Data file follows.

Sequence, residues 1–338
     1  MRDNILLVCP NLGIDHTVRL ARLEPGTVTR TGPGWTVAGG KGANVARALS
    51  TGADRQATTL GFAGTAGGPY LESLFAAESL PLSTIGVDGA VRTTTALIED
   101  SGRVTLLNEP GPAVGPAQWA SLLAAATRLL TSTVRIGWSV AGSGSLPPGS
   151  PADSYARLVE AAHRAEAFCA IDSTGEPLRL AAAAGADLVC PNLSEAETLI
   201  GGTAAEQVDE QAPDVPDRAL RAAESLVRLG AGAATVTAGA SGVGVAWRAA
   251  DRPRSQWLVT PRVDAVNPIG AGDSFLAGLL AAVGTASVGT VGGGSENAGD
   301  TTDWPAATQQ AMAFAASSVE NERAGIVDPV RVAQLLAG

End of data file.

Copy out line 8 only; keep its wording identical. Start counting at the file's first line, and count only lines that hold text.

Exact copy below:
   301  TTDWPAATQQ AMAFAASSVE NERAGIVDPV RVAQLLAG